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Disclaimer, this may not be something Automator can do.

I have a large directory of movie files. In order to use a piece of software, each movie needs to be in it's own folder. I'd like to create some sort of automation to do the following:

  • Create folders named after each filename ex: Cool Movie.m4v => 📁 Cool Movie ƒ
  • Move movie file to corresponding folder

I'm hoping that between Automator, Bash, or AppleScript, there's a way to do this.

Clarification:

If I have a folder that looks like this:

  1. Movies ƒ
    • Movie A.m4v
    • Movie B.m4v
    • Movie C.m4v

I'd like it to look like this after:

  1. Movies ƒ
    • Movie A ƒ
      • Movie A.m4v
    • Movie B ƒ
      • Movie B.m4v
    • Movie B ƒ
      • Movie B.m4v
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    Welcome to Ask Different :) Please share what code you have written at your end so far. Also list down any stumbling block that you have hit preventing you from accomplishing the goal. – Nimesh Neema Jan 23 at 15:20
  • Also, please clarify the folder naming convention. Break it down into two lines, one showing the filename and a separate line showing just the folder name, no folder icon. – user3439894 Jan 23 at 15:40
  • I don't have any code written. I don't even know where to start. I've played with Automator to find files and move them to existing locations, but I've never used it to create new files/folders. – John Williams Jan 23 at 15:51
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    In Terminal, change directory to the folder containing the files, e.g. cd /path/to/files and then use the following compound command to do what you've asked: for f in *.*; do [ -f "$f" ] || continue; mkdir "${f%.*}" && mv "$f" "${f%.*}"; done Note that this doesn't make a folder with the ƒ character you've shown, but if it's part of the wanted folder name, then change ${f%.*}" to: ${f%.*} ƒ" – user3439894 Jan 23 at 16:27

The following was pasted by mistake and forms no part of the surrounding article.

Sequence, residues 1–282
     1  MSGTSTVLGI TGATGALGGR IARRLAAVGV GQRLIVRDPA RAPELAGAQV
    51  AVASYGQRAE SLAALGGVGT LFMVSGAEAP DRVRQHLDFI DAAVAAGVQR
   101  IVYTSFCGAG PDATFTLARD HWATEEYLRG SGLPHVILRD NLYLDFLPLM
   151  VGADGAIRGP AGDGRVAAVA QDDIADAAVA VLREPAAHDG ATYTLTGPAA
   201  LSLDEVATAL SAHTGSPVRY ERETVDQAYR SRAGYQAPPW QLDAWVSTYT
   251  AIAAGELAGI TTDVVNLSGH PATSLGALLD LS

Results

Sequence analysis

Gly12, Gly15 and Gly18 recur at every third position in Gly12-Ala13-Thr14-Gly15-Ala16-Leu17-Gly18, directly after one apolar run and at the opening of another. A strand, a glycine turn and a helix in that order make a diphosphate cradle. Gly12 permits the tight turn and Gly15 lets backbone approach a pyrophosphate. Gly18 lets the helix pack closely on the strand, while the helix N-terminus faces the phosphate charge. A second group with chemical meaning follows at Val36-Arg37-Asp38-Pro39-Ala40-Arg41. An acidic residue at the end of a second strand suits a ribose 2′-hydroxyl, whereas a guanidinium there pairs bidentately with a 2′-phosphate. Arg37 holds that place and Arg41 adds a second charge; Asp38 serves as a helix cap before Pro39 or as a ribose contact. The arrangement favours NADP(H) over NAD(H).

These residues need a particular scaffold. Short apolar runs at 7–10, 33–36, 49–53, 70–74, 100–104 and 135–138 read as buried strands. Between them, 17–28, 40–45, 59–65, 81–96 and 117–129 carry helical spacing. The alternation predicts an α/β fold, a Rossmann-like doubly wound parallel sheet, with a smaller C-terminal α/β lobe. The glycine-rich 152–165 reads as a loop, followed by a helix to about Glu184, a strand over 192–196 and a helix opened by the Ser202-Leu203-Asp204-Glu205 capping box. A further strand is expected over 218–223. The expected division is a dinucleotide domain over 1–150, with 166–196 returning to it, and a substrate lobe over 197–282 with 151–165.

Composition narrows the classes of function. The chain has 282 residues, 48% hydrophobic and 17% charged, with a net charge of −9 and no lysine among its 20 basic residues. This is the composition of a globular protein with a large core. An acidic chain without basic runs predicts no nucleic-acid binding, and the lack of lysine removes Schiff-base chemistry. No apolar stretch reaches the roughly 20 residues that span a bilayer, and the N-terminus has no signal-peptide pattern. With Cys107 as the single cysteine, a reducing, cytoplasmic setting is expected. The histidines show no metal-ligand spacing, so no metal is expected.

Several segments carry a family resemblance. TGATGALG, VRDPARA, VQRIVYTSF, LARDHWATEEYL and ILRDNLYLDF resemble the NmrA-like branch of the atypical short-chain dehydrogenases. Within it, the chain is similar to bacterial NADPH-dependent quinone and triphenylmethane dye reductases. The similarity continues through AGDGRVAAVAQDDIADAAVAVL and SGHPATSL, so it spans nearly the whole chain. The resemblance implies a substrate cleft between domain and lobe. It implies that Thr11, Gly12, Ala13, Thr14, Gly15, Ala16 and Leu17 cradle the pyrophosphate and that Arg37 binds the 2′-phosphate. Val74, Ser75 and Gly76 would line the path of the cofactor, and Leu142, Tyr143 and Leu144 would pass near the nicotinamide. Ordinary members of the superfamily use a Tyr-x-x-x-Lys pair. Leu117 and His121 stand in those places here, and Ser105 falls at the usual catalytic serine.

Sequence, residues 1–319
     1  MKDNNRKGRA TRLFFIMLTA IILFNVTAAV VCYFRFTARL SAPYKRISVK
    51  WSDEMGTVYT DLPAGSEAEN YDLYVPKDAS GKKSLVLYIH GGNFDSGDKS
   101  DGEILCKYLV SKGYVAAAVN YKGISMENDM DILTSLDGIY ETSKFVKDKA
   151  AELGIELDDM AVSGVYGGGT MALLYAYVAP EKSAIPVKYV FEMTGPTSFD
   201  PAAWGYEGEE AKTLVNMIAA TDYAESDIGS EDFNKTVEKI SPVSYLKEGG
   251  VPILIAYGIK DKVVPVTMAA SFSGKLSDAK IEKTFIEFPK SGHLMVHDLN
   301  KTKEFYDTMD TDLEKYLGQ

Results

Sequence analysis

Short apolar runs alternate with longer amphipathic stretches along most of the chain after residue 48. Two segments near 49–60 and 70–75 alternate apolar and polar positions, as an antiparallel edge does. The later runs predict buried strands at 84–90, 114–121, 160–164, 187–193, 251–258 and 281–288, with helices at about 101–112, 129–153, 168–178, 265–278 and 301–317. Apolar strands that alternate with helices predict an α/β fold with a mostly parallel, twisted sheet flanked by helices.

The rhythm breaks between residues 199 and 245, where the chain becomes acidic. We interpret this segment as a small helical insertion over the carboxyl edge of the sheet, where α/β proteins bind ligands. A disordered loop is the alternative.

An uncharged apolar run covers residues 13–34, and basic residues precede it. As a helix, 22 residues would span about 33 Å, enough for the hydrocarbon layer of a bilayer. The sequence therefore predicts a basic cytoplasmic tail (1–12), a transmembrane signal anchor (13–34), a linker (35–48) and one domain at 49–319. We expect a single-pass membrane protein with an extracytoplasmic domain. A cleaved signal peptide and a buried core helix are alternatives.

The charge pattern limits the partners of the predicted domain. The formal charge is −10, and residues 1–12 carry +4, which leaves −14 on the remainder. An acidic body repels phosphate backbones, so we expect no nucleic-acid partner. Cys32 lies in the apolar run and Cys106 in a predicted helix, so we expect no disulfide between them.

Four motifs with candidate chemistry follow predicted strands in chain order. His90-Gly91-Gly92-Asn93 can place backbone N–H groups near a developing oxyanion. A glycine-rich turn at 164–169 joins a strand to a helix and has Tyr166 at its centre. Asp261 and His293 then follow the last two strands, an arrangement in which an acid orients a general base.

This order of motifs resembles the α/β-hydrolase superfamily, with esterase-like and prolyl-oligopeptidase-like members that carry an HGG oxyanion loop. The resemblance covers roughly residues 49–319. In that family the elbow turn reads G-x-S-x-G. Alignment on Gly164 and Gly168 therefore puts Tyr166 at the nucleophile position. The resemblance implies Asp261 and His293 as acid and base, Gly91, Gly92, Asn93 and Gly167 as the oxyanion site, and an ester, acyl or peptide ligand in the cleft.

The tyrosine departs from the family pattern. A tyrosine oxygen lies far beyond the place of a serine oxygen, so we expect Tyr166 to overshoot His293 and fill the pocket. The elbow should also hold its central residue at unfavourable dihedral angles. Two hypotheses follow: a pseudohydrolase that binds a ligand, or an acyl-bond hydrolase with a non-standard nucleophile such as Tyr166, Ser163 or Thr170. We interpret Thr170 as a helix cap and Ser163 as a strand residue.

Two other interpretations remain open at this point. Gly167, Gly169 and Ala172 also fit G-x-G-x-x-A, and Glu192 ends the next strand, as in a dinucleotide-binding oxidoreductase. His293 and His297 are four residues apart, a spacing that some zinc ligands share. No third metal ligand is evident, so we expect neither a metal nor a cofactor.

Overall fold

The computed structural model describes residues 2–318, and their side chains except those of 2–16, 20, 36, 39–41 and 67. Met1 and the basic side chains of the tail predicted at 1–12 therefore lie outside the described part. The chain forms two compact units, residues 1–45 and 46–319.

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    @Yoric, If you look at the original OP it had ex: Cool Movie.m4v => 📁 Cool Movie ƒ, which has a folder icon and the ƒ and why I asked for clarification however the ƒ may or may not be a meta character denoting a folder. It would have been so much better if the OP has simply said... I have a file named Cool Movie.m4v and I want to create a folder named Cool Movie and move the file into it, while doing the same for each file... etc. No folder icons, no ƒ which may or may not be a meta character denoting a folder, in other words... no ambiguities! – user3439894 Jan 23 at 17:22
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In Terminal, change directory to the folder containing the files, e.g.:

cd /path/to/files

Then use the following compound command to do what you've asked:

for f in *.*; do [ -f "$f" ] || continue; mkdir "${f%.*}" && mv "$f" "${f%.*}"; done

If you want to limit it to just .m4v files, then change for f in *.*; to:
for f in *.m4v;

Note that this doesn't make a folder with the ƒ character you've shown, but if it's part of the wanted folder name, then change both occurrences of "${f%.*}" to: "${f%.*} ƒ"

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